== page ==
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Filing Taxes As A College Student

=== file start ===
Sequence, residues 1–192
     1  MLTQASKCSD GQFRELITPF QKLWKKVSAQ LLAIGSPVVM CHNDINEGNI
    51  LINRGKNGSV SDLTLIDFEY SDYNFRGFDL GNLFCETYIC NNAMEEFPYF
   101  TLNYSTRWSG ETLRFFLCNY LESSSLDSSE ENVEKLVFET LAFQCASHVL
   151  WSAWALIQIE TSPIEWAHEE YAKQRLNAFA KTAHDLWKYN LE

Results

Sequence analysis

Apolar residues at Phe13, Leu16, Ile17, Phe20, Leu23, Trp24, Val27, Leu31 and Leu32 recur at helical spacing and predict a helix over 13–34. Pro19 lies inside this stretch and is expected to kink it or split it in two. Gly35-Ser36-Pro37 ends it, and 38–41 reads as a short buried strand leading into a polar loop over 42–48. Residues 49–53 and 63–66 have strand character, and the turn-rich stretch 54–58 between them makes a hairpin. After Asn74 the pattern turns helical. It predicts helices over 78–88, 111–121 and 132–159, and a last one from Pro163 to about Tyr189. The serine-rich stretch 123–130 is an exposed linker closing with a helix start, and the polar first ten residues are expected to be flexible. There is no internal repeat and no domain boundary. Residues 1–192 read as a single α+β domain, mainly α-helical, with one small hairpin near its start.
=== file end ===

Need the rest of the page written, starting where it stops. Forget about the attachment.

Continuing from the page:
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Filing Taxes As A College Student